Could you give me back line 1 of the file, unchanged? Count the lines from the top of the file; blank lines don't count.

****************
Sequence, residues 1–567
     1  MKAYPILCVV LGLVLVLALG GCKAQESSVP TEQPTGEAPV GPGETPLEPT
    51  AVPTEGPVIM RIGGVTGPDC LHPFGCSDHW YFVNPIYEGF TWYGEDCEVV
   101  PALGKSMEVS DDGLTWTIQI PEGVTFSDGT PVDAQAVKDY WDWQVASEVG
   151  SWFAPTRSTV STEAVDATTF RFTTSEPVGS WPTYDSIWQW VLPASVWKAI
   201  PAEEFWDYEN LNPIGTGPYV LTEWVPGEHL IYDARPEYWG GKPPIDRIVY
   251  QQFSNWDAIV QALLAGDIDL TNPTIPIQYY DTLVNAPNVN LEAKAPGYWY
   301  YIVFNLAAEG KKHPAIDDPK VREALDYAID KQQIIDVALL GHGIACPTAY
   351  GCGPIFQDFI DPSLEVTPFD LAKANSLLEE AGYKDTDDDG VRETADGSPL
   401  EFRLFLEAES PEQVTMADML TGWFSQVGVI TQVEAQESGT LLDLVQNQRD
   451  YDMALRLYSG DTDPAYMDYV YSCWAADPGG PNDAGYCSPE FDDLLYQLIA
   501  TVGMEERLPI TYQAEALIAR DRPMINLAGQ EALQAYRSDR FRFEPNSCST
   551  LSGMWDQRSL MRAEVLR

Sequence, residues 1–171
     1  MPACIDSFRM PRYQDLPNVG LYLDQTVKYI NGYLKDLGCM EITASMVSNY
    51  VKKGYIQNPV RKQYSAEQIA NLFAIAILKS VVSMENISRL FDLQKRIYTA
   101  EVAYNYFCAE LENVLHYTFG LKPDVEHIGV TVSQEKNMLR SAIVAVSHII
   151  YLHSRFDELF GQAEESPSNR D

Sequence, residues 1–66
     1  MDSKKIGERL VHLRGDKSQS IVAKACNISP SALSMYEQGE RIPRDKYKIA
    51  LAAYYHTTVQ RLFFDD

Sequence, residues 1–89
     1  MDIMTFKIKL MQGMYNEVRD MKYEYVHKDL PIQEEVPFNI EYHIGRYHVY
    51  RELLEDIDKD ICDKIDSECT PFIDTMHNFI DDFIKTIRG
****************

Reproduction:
Sequence, residues 1–567